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The Future of Energy Storage

image credit: MIT
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World Hydrogen Leader Charley Rattan Associates

UK based offshore wind & hydrogen corporate advisor, broker and trainer; Faculty member World Hydrogen Leaders. Delivering global hydrogen and offshore wind corporate investment brokerage....

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The Future of Energy Storage study is the ninth in the MIT Energy Initiative’s Future of series, which aims to shed light on a range of complex and vital issues involving energy and the environment.

Previous studies have focused on the role of technologies such as nuclear power, solar energy, natural gas, geothermal, and coal (with capture and sequestration of carbon dioxide emissions), as well as systems such as the U.S. electric power grid. Central to all these studies is understanding the role these particular technologies can play in both decarbonizing global energy systems and meeting future energy needs. Energy storage will play an important role in achieving both goals by complementing variable renewable energy (VRE) sources such as solar and wind, which are central in the decarbonization of the power sector.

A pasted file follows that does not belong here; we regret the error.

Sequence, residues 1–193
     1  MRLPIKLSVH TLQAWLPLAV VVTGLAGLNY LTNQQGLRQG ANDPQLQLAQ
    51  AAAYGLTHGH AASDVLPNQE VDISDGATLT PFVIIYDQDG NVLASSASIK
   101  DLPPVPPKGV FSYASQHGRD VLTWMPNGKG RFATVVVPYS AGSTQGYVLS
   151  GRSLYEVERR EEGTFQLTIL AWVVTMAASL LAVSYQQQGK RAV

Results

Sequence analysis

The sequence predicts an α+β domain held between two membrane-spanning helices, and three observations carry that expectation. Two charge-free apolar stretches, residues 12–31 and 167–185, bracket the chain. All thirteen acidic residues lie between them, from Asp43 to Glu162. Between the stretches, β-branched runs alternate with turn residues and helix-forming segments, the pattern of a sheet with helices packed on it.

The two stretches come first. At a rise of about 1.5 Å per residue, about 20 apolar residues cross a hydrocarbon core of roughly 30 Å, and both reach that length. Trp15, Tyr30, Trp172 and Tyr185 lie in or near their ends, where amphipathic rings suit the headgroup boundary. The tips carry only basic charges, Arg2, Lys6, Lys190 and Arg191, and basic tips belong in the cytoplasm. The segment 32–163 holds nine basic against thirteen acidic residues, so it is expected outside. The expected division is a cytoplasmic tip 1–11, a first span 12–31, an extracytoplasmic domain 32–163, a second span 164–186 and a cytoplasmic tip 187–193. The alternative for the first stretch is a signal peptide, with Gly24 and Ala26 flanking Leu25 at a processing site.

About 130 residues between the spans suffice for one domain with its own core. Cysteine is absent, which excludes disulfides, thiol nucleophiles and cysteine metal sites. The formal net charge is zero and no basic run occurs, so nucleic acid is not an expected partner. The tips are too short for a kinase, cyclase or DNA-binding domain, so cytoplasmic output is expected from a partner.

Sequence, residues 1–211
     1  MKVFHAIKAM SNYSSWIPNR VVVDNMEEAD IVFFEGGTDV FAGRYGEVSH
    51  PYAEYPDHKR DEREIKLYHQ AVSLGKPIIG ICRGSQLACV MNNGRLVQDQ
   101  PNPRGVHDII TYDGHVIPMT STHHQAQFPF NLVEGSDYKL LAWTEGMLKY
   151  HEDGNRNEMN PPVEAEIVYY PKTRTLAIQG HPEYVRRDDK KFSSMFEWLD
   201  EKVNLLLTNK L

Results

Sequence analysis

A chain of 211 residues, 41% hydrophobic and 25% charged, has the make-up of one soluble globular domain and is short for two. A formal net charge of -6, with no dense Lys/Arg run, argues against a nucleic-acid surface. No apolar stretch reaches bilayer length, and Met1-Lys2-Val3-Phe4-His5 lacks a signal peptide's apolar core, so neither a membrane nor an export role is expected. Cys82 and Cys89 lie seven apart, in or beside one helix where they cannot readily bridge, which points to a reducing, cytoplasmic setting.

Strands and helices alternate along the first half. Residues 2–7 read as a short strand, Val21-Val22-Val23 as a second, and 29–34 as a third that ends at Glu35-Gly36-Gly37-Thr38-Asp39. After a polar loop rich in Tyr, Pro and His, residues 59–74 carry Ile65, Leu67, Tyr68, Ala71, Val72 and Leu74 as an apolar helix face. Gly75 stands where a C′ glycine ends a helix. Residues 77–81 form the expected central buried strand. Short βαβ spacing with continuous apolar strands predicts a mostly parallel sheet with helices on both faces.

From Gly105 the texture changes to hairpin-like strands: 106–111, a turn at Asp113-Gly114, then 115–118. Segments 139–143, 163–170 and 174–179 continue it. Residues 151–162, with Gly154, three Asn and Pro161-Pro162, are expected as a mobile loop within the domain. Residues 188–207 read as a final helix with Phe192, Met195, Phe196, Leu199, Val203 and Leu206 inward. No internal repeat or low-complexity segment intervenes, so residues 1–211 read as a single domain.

The study will prove beneficial for a wide array of global stakeholders in government, industry, and academia as they develop the emerging energy storage industry and consider changes in planning, oversight, and regulation of the electricity industry that will be needed to enable greatly increased reliance on VRE generation together with storage. The report is the culmination of more than three years of research into electricity energy storage technologies— including opportunities for the development of low-cost, long-duration storage; system modeling studies to assess the types and roles of storage in future, deeply-decarbonized, highVRE grids in both U.S. regions and emerging market, developing economy countries; and implications for electricity system planning and regulation. The study was guided by a distinguished external Advisory Committee whose members dedicated a significant amount of their time to participate in multiple meetings; to comment on our preliminary analysis, findings, and recommendations; and to make available experts from their own organizations to answer questions and contribute to the content of the report.

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